Paul E. Steiger, who was the top editor of The Wall Street Journalfor 16 years, and a pair of wealthy Californians are assembling a groupof investigative journalists who will give away their work to mediaoutlets.
The nonprofit group, called Pro Publica, will pitcheach project to a newspaper or magazine (and occasionally to othermedia) where the group hopes the work will make the strongestimpression. The plan is to do long-term projects, uncovering misdeedsin government, business and organizations.
But I’m just as interested by the dilemma it will present traditional media: how will they assess this content? Cue Bill Keller making a typically idiotic comment that demonstrates what I mean:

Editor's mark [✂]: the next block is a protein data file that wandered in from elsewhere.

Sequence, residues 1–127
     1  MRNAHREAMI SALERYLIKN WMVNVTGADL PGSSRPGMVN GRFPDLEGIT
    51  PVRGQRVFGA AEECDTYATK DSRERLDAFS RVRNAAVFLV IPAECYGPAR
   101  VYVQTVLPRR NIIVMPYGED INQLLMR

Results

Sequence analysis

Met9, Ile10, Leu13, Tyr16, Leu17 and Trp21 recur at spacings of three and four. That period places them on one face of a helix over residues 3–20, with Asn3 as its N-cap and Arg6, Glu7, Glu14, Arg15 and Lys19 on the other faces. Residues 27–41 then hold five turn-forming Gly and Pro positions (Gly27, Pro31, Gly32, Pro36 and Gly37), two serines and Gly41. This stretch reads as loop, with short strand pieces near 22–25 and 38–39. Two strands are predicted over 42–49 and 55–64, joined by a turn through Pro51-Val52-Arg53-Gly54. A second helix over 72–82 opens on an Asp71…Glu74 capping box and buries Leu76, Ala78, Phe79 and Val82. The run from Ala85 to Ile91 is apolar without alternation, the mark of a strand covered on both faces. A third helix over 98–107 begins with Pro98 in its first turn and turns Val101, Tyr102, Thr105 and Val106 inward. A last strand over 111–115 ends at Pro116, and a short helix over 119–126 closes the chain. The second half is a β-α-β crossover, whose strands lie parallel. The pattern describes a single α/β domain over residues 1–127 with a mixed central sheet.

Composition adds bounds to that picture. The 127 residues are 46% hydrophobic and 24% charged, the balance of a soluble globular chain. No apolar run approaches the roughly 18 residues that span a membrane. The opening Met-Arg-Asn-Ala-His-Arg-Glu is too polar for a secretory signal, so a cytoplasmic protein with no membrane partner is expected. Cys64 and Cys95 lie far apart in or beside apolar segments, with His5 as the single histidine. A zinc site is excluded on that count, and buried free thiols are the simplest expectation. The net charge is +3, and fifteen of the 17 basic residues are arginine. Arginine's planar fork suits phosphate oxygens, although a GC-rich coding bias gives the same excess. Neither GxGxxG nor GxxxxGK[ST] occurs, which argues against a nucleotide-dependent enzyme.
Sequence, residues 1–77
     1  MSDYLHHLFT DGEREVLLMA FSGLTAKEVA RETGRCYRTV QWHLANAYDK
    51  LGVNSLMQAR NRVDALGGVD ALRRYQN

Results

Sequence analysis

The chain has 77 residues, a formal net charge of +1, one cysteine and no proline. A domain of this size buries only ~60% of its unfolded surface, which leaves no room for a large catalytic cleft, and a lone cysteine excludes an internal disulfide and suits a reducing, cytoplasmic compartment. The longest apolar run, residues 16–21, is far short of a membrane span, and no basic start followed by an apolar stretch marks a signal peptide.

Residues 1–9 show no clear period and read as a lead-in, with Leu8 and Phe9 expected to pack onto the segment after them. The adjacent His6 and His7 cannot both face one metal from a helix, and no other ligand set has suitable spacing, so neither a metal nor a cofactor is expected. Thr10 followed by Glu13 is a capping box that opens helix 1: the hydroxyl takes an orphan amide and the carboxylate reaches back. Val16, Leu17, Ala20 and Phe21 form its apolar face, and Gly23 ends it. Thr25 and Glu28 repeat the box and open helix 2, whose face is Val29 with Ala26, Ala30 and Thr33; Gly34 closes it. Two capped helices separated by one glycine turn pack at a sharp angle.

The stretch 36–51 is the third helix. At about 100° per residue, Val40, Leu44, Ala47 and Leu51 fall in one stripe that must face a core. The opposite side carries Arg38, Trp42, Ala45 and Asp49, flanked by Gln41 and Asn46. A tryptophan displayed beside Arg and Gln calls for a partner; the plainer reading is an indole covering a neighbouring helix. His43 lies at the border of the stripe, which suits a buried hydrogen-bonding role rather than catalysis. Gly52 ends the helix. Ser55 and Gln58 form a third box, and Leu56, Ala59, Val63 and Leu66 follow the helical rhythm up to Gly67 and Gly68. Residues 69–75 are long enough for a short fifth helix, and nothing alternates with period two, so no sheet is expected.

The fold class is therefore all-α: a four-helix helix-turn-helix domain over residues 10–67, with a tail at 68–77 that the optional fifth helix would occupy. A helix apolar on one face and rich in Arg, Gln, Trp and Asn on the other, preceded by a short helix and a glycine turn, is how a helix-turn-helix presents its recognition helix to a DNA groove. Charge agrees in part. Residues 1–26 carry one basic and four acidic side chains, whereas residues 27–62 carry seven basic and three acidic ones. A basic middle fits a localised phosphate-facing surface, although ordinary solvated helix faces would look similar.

Bill Keller, executive editor of The New York Times, said The Timeswould be open to using work from an outside source, â€œassuming we wereconfident of its quality,â€ but that â€œweâ€™ll always have a preference forwork we can vouch for ourselves.â€
How is it that an entire industry of people paid to write and think critically cannot imagine how they would go about assessing the quality of a text they didn’t write themselves? How is it that Bill Keller, with a lifetime career in journalism, couldn’t look at an investigative article and assess whether it was great or was crap? How is that Bill Keller, who presided over Judy Miller’s demise and has been saddled with Michael Gordon’s credulous reporting of late, puts so much stock in the NYT’s ability to vouch for themselves the quality of journalistic work.